While this research is certainly applicable to fraud detection, Brazel says that its findings are broadly applicable throughout the business world. “When facing a complex problem in any field of business, this research tells us that it is important to incorporate high-quality brainstorming techniques in order to improve your ability to successfully resolve the problem.”

The researchers also found one variable that can negate any potential benefits of high quality brainstorming: managerial bias. If a team leader comes into the brainstorming process with well-known preconceived notions, that effectively short-circuits the brainstorming effort – and using best practices will not help.

NC State’s Department of Accounting is part of the university’s College of Management.

-shipman-

Note to Editors: The presentation abstract follows.

“Auditors’ Use of Brainstorming in the Consideration of Fraud: Reports from the Field”

Authors: Joseph F. Brazel, North Carolina State University; Tina D. Carpenter, University of Georgia; J. Gregory Jenkins, Virginia Polytechnic Institute and State University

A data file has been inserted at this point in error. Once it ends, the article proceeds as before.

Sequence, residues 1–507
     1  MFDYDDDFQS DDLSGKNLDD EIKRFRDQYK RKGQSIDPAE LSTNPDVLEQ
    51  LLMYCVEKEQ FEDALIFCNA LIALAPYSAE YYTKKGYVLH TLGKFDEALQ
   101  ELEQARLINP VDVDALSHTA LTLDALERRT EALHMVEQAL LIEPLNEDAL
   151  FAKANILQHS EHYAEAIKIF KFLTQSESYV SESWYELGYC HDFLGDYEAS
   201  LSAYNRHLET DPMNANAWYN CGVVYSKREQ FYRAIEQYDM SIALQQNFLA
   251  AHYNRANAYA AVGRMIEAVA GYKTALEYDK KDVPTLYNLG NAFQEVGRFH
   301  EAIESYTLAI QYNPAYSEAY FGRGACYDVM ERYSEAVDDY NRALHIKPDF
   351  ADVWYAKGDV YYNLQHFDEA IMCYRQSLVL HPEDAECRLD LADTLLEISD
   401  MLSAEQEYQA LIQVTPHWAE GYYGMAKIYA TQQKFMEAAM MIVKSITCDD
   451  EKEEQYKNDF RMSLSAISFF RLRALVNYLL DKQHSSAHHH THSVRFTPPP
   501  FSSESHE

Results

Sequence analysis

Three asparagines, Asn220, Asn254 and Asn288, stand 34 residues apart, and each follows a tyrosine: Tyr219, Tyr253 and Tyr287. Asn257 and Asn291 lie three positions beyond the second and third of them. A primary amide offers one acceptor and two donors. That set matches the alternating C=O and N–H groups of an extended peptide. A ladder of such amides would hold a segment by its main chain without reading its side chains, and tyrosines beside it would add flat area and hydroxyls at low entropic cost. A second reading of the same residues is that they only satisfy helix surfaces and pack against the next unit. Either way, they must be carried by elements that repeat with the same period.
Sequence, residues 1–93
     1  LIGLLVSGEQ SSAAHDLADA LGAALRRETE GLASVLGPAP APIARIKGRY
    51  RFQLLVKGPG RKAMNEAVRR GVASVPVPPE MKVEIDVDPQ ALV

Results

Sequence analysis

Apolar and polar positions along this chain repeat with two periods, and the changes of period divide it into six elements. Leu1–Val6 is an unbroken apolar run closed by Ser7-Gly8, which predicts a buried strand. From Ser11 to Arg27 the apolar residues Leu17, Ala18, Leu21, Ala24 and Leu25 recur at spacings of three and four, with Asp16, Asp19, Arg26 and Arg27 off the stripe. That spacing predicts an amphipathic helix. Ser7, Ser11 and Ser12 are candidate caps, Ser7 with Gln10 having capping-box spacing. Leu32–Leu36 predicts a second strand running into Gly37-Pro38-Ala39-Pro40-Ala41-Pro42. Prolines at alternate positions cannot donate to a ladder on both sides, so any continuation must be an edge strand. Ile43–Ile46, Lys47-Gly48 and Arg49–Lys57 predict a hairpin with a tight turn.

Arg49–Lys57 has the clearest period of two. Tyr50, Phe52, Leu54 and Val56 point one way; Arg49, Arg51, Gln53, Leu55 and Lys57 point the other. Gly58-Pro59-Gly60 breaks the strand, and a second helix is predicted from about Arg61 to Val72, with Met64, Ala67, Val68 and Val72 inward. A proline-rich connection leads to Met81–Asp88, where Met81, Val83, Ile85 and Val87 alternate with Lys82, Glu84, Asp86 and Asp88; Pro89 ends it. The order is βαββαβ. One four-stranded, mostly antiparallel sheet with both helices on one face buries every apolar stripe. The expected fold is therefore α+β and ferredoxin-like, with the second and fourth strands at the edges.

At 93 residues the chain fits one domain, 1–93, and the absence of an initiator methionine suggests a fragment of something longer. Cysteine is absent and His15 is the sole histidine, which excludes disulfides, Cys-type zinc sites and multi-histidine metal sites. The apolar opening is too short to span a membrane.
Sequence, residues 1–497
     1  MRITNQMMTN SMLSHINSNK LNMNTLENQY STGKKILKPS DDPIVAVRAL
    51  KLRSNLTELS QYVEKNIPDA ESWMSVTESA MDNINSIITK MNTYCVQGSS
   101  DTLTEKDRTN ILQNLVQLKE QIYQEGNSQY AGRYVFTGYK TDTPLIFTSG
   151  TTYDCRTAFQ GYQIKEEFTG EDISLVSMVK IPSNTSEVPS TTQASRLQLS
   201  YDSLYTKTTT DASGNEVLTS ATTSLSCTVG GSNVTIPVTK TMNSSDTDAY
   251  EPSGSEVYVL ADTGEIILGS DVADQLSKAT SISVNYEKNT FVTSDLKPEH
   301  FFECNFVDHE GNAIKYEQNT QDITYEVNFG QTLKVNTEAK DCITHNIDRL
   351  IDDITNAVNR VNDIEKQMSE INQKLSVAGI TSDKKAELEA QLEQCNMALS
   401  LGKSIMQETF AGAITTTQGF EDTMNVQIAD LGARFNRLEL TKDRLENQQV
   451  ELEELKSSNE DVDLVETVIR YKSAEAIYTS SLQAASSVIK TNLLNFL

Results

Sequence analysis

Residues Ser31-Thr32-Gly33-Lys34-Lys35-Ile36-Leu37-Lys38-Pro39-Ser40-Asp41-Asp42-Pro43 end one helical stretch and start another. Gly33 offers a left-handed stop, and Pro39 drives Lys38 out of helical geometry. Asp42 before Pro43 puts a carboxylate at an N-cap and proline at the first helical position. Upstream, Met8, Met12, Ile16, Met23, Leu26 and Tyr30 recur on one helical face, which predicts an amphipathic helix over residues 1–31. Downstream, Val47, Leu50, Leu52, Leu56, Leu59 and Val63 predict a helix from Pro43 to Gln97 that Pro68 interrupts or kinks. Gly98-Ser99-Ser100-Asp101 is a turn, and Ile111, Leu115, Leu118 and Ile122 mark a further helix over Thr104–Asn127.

Published: July 2010, The Accounting Review

Abstract: Audit standards require auditors to conduct fraud brainstorming sessions on every audit. The Public Company Accounting Oversight Board has raised concerns about auditors’ fraud judgments and the quality of their brainstorming sessions. We develop a measure of brainstorming quality to examine how it affects auditors’ fraud decision-making processes. We test our measure using field survey data of auditors’ actual brainstorming sessions for 179 audit engagements. Respondents report considerable variation in the quality of brainstorming in practice. We find some evidence that high-quality brainstorming improves the relations between fraud risk factors and fraud risk assessments. We also determine that brainstorming quality positively moderates the relations between fraud risk assessments and fraud-related testing. Our results suggest that the benefits of brainstorming do not apply uniformly, because low-quality sessions likely incur the costs of such interactions without receiving the attendant benefits. By documenting best practices from high-quality brainstorming sessions, our findings can inform auditors on how to improve their consideration of fraud.